Unemployment will fall, inflation will simmer and the Dow will
pop almost 500 points by the end of 2014, according to the
predictions of economist
Alan R. Beckenstein, professor of business administration at
of Virginia Darden School of Business.
Beckenstein made the moderately optimistic predictions at the
annual Economic Forecast event held this month for the Darden Charlottesville alumni chapter. During his presentation,
he made clear he also expects some bumps in the road ahead.
"It's been five years since the last recession ended and six and
one-half since the subprime crisis," said Beckenstein. "That's a
long time without a major shock. Expect something negative to
happen in the next two years. We just don't know exactly what it
His forecast for 2014, while certainly not bullish, is at least
positive. He foresees a real GDP growth of 2.6 percent, core
inflation held at 1.8 percent, an unemployment rate going down to
about 6.7 percent for the yearly average and a closing Dow Jones
Industrial Average (DJIA) at 17,050. The Dow is currently at about
The stock market, according to Beckenstein, will continue its
amazing run. But he says that despite the bull market, people still
don't seem to have much confidence in it.
"How many people believe the market is going to stay there and
also change their spending habits?" remarked Beckenstein.
Beckenstein, an economist, likes to joke about his profession
while analyzing the state of the United States and world economies.
"An economist is a numbers person who didn't have the personality
to become an accountant," he explained to about 60 Darden alumni
who attended the annual event.
Beckenstein's predictions for 2013 were near the mark on
unemployment — 7.3 percent predicted compared to 7.49 percent
actual — and on inflation — 1.8 percent predicted compared to 1.7
percent actual. But he was a bit off the mark in guessing GDP
growth, which he opined would hit 2.4 percent. Instead it was more
sluggish at 1.8 percent. His DJIA prediction, like many
people's, was way off. He called for the Dow to stand at 13,900 by
the end of last year; instead it bulled to a whopping 16,576
Beckenstein says growth was steady but slow last year in part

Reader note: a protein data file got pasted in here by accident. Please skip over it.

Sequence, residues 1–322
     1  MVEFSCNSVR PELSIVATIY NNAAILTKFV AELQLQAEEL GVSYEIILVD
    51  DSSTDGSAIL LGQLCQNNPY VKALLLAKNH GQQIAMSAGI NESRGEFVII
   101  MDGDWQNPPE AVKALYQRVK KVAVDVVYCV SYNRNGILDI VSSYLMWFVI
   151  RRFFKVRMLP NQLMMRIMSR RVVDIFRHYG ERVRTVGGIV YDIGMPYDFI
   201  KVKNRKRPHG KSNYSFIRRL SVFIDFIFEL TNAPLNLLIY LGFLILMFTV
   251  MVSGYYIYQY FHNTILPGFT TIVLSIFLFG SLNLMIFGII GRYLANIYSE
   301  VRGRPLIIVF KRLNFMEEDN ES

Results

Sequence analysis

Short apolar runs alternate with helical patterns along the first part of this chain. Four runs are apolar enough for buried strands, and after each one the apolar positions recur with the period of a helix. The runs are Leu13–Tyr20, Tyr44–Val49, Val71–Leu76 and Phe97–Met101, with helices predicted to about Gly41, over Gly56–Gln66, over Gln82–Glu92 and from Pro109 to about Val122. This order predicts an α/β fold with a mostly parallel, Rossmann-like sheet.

because of the continuing effects of the structural shock - a
bursting bubble - the economy underwent six years ago. Meanwhile,
core inflation has stabilized and the unemployment rate is in a
state of steady decline "and there is real job growth behind that,"
he said. "The number of 'hardcore unemployed,' or those without a
job for a half year or longer, is high, but declining. However,
skills are eroding for that group."
The debt burden of households has improved and servicing the
cost of debt has been made less burdensome by very low interest
rates, he says. Business savings "is quite strong" though business
investment is cautious. That's because businesses are taking a
wait-and-see attitude, hoping for a stabilized "policy
environment:" and for Europe to "calm down." "Steady and more rapid
growth prospects — and confidence in government policies — would be
necessary to inspire investment," Beckenstein added.
As for Europe, Beckenstein said the European Central Bank "made
an enormous commitment to defend the euro. That means it's going to
last longer than it should. Sooner or later, all bad things fail;
the Eurozone should not include so many disparate economies."
Beckenstein even took on health care: He said that if he had to
"keep it as it is or kill it, I'd go with it. I prefer to see it
fixed. We need compromise and improvements. The key to solving
health care is to have incentives to lower risks, including
preventive care … The U.S. costs are out of control and our failure
to cover many citizens is the laughing stock of the developed
world. Most of the rest of the world does it better."
About the Darden School of Business
The University of Virginia Darden School of Business is
one of the world's leading business schools, offering MBA, Ph.D.
and Executive Education programs. The unique Darden experience
combines the case study method, top-ranked faculty whose research
advances global managerial practice and business education, and a
tight-knit learning environment to develop responsible and complete
leaders who are ready to make an impact.
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